If you’re like most homeowners, you probably took the time to review your expenses throughout 2015 in effort to tighten your budget for 2016. If you’re in an arid area, you may have discovered you spend a lot of money on outdoor irrigation. Keeping your property looking nice is an important aspect of owning a home, so we thought we’d take a moment to highlight some of the things you can do to cut back on irrigation without sacrificing the curb appeal of your property.
Here are a few ways you can cut back on irrigation at home.
Install Native Plants
If you live in the southwest, you know the struggle involved with keeping plants alive amidst warm weather and little rain.
Installing native plants avoid this struggle, as native plants tend to do well with very little water.
Here are a few native plants you should consider:
- Rocky Mountain
- Juniper Blue Paloverde
- Teddybear Cholla
- Skunkbush Sumac
- Greenleaf Manzanita
- Desert Marigold
- Blackfoot Daisy
- Desert Sand Verbena
- Scarlet Globe-mallow
These plants are great for adding a splash of native style to your yard and require little water, so you won’t have to worry about maintaining their health as with other non-native plants.
Cut Back On Irrigation with Synthetic Grass
Synthetic grass is growing in popularity throughout the southwest, as water prices and restrictions increase due to the drought.
If you’re not familiar, synthetic grass has come a long way since its early days as sports turf back in the late 60s. Today, synthetic grass products offer range and style like never before. Its often used for luxury homes due to its uniformity and lack of maintenance needs.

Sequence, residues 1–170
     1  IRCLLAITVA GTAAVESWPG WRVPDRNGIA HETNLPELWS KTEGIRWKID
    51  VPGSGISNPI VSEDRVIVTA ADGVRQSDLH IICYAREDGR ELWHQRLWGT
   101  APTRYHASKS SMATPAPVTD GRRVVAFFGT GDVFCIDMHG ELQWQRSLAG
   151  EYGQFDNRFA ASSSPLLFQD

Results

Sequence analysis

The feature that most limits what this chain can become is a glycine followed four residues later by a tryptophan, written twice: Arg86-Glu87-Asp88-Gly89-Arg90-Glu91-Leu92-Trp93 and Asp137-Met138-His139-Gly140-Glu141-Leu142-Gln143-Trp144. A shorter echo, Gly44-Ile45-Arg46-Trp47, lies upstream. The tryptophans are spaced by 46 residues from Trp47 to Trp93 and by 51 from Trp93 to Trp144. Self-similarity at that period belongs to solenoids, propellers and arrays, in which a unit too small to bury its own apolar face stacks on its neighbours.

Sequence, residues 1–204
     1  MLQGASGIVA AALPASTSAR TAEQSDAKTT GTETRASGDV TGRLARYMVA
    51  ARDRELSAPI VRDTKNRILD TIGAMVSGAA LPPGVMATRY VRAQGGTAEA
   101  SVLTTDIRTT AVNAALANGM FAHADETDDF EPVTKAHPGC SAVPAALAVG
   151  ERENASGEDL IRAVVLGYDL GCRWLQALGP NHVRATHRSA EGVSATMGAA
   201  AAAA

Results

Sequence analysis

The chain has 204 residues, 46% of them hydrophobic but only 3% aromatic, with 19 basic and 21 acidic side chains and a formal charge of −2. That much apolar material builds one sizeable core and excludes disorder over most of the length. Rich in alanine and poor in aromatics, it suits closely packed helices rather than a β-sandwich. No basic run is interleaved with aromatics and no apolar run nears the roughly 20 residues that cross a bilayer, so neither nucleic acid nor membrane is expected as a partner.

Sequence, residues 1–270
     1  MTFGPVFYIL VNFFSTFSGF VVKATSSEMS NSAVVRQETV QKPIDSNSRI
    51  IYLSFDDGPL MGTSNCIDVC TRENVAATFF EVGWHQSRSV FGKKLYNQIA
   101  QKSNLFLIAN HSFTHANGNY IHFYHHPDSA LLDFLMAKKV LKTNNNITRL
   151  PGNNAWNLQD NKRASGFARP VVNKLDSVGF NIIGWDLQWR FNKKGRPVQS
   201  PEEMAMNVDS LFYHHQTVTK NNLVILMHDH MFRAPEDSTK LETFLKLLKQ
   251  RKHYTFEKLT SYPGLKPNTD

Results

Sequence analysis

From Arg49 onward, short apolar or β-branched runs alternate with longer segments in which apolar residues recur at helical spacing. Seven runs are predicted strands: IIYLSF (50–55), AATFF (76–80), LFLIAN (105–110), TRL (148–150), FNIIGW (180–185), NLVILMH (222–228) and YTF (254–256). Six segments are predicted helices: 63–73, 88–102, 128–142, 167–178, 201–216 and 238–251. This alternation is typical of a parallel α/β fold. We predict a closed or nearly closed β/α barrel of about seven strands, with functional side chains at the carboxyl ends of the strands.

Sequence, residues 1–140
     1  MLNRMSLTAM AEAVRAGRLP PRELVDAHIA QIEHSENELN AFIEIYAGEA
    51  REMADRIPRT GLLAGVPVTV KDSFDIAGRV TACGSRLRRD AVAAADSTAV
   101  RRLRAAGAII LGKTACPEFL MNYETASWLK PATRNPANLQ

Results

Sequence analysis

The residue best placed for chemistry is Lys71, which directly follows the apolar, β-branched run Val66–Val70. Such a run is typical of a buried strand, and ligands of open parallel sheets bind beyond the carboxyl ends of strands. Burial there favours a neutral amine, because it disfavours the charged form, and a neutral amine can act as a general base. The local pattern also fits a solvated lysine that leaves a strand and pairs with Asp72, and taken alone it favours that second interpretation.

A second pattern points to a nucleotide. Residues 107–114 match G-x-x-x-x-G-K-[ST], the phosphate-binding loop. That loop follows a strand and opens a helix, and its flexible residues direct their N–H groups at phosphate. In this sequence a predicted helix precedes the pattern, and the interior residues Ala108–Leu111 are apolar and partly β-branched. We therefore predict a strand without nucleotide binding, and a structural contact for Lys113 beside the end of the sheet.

Homeowners interested in cutting back on irrigation have been able to successfully reduce their water dependence and monthly water bill by replacing their natural lawn with synthetic grass and sometimes a combination of native plants or other drought-tolerant landscaping.
Of all the solutions available, installing synthetic grass may be one of the most cost-effective options.
It not only saves you water and money now, but it continues to save for years and years to come. That could add up to a lot of money you could use elsewhere.
Related: How to Install Synthetic Grass
Optimize Your Irrigation System
Often overlooked, the irrigation system is one of the leading causes of wasted water and increased water bills.
Take the time to evaluate your entire irrigation system for leaks. One leak can result in gallons upon gallons of water lost daily, which not only goes to waste but also adds to your monthly expense.
In addition to leaks, look for places your irrigation isn’t effectively watering.
Just because you have a sprinkler system doesn’t mean it’s effectively watering your lawn and plants. In most cases, sprinkler systems miss areas of your landscape resulting in what seems like a costly uphill battle to maintain the landscape of your property. If you notice areas drying or browning throughout your yard, take the time to turn on your sprinklers and see where the water is actually going. You can also cut back your irrigation by reducing how often you actually water.
Another way you can cut back your irrigation is to replace the system with a drip system
You can cut back your irrigation by integrating any of these options, but combining them together is the best option.
Just because you replace your lawn with synthetic grass doesn’t mean your yard has to be bare. Add a splash of native style with native plants and replace your irrigation system with an eco-friendly drip system.
These options will save water, which your city may reward you for through a rebate program, and save you money.
Want to learn more about drought-tolerant landscaping?